Random-name-generation software–originally designed to make sure teachers call on girls as frequently as boys–appears to have additional benefits. A University of Florida (UF) researcher has discovered the technology also helps students stay focused and engaged in activities that tend to foster academic achievement.

When teachers use a handheld computer that randomly selects which student to call on, even shy or reluctant pupils will be included in class discussions–and students pay more attention as a result, the researcher found.

Paige Allison, a high school math teacher and educational anthropologist student at UF, conducted the research as part of her dissertation. She found that high school students reported they were more engaged in activities that lead to school success when their teachers used the random name-generation technology.

“The interview data from the teachers and students show this technique helped students do those things that we know help them to be successful in school–paying attention, being prepared for class, staying focused, and doing homework,” Allison said.

She said she became interested in doing the study after listening to a radio report describing how math teachers call on boys more than girls.

“I came to work and I started paying attention and realized that I, too, was calling on boys more than girls,” Allison said. So, she sought a solution that would eliminate any chance of bias on the part of instructors.

For her research, Allison used an inexpensive handheld computer with Microsoft Office installed on it to generate the names of students randomly, at the touch of a button. A computer programmer wrote a program for her in Excel that would generate the names.

“The idea of this was to give everyone the same opportunity and not to treat anybody differently,” she said. In the course of her research, she found that “not only were students engaging in behaviors that contribute to success, but teachers found they were more patient [and] engaged in more probing activities.”

Her research is part of a larger study on the culture of the mathematics classroom, which she continues to conduct.

To test the effectiveness of a random name-generation system, Allison compared participation rates of students in 15 math classes where the device was used with the participation rates of students in 11 math classes where it was not used.

Contrary to expectations, her research found no significant difference in participation rates between classes that used the new experimental technique and those where teachers called on students according to their own methods. This suggests teachers at the school in question did not show bias in calling on one gender or ethnic group more than another, she said.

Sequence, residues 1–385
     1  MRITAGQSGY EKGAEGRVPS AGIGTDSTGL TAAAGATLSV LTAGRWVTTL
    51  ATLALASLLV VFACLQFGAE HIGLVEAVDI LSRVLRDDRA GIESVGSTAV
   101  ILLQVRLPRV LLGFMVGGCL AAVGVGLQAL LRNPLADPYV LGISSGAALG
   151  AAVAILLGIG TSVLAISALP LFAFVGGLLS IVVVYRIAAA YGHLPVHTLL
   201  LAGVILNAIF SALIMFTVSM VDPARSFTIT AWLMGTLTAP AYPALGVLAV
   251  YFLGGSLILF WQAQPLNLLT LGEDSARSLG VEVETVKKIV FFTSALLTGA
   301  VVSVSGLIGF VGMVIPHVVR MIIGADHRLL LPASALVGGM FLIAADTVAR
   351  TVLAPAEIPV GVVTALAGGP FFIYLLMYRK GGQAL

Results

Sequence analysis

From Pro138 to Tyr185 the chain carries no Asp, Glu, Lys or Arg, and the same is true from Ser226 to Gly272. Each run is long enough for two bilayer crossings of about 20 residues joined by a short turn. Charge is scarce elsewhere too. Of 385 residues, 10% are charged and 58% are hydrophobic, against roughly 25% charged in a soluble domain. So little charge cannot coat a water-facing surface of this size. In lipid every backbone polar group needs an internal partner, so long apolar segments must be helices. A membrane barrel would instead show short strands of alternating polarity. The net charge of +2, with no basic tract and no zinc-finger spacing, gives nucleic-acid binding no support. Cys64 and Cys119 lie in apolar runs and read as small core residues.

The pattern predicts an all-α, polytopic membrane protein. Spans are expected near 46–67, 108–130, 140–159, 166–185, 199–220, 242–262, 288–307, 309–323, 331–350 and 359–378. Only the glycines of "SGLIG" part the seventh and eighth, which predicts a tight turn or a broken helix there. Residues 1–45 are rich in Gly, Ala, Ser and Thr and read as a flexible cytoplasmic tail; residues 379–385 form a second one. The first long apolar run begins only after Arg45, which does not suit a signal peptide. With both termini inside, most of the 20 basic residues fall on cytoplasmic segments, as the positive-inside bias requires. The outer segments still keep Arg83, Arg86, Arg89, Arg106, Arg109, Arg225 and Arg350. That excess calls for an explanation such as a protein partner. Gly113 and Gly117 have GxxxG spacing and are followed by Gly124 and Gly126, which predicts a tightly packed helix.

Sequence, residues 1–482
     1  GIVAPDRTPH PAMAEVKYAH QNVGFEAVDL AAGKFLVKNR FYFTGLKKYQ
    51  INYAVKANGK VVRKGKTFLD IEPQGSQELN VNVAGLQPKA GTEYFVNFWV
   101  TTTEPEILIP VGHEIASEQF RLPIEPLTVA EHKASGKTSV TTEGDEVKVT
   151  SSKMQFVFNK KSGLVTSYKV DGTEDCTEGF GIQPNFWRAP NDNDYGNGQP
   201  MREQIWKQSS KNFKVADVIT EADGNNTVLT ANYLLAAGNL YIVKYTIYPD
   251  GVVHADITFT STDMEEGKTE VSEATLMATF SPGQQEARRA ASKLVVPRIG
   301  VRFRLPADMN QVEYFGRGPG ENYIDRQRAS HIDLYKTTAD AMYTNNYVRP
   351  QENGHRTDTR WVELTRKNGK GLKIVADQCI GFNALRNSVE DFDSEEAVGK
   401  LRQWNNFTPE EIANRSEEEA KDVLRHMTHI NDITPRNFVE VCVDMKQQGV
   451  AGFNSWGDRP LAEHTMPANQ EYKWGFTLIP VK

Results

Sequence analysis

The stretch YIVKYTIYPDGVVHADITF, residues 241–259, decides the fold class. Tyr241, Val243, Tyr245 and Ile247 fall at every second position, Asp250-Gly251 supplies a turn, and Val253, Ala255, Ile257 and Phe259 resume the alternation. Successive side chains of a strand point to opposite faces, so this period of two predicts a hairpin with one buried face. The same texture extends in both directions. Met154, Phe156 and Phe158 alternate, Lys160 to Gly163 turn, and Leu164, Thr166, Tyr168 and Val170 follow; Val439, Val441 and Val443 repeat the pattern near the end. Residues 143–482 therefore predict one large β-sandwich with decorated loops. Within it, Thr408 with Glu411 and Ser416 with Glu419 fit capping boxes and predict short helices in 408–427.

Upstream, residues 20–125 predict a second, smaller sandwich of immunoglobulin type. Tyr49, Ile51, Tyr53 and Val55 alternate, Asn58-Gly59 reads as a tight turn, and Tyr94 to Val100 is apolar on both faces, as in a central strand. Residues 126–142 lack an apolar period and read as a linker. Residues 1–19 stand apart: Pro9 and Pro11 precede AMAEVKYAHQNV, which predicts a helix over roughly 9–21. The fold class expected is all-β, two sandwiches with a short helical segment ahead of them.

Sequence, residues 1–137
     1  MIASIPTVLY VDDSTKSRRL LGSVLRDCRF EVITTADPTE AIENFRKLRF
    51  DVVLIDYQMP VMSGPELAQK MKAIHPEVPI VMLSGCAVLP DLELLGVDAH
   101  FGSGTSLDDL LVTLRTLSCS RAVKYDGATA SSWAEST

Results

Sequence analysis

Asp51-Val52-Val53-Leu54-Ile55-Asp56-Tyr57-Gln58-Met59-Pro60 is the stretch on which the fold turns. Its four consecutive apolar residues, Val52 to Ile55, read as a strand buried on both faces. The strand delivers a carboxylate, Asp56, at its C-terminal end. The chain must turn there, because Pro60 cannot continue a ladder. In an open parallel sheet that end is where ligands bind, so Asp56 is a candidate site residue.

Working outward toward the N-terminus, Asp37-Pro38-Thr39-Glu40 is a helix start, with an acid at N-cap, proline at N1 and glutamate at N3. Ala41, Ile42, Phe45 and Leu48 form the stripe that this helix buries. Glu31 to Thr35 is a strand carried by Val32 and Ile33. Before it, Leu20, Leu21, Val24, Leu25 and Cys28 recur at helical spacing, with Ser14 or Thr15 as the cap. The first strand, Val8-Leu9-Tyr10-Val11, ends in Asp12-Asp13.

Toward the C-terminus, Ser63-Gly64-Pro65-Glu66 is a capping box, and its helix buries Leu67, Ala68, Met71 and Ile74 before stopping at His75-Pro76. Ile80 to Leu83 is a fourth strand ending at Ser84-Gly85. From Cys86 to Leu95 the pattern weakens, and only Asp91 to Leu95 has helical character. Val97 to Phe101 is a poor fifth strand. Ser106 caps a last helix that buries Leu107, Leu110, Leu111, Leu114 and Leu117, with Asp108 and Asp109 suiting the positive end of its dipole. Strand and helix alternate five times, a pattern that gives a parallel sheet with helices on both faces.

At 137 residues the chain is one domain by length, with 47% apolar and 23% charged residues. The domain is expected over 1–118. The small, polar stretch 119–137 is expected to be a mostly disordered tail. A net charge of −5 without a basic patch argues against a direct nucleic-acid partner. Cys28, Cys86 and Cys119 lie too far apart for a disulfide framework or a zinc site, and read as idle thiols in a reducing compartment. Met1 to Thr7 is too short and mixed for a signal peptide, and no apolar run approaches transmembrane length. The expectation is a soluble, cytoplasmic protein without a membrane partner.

Still, the random name generator was effective, she said, because students who participated in a series of focus groups afterward said they were more likely to show up for class prepared and to concentrate on what was being said when they knew the computer could produce their name at any time.

“Both students and teachers reported that students paid more attention in class,” she said. “They felt they had to tune in more, because they knew they had a chance of being called on for every question.” After a student’s name comes up on the name generator, it is thrown back into the mix and isn’t eliminated from the list.

To make the computerized name-generating system less threatening, students were allowed to take a free “pass” without penalty if they did not know the answer or did not wish to respond.

“There is real, although subtle, intimidation that takes place in the classroom, reinforcing the idea that women and minority students cannot do math as well as white male students,” Allison said. “Research has shown that teachers not only tend to call on white male students more frequently than other students, but they respond to their questions and requests for help differently and provide them with entirely different experiences in the classroom.”

Allison said one reason girls might receive less attention in math class is that teachers might find themselves calling on boys, who tend to be more assertive in class.

“People aren’t aware of how hard a teacher physically has to work, not only to manage but to actually teach 150 children a day,” she said. “As in any activity, the natural tendency is to want to conserve energy. It’s easier and faster to let the student who knows the answer respond for you. So the quiet person in the corner who doesn’t raise a hand doesn’t get called on as much.”

Often, teachers might call on students as a way to keep them on task or prevent misbehavior, Allison said. “In an effort to maintain order in the classroom, teachers respond to this kind of pressure,” she said. “When I became aware of research on this subject, I noticed that I called on boys more than girls as a kind of behavior control management device.”

Jerome Dancis, a University of Maryland math professor emeritus, said Allison’s research is important because only a small number of students are willing to raise their hands in class, usually the best students. “It’s important for teachers to realize that students need to be encouraged to speak up in class, especially high school students because this is a shy age,” he said.


University of Florida

University of Maryland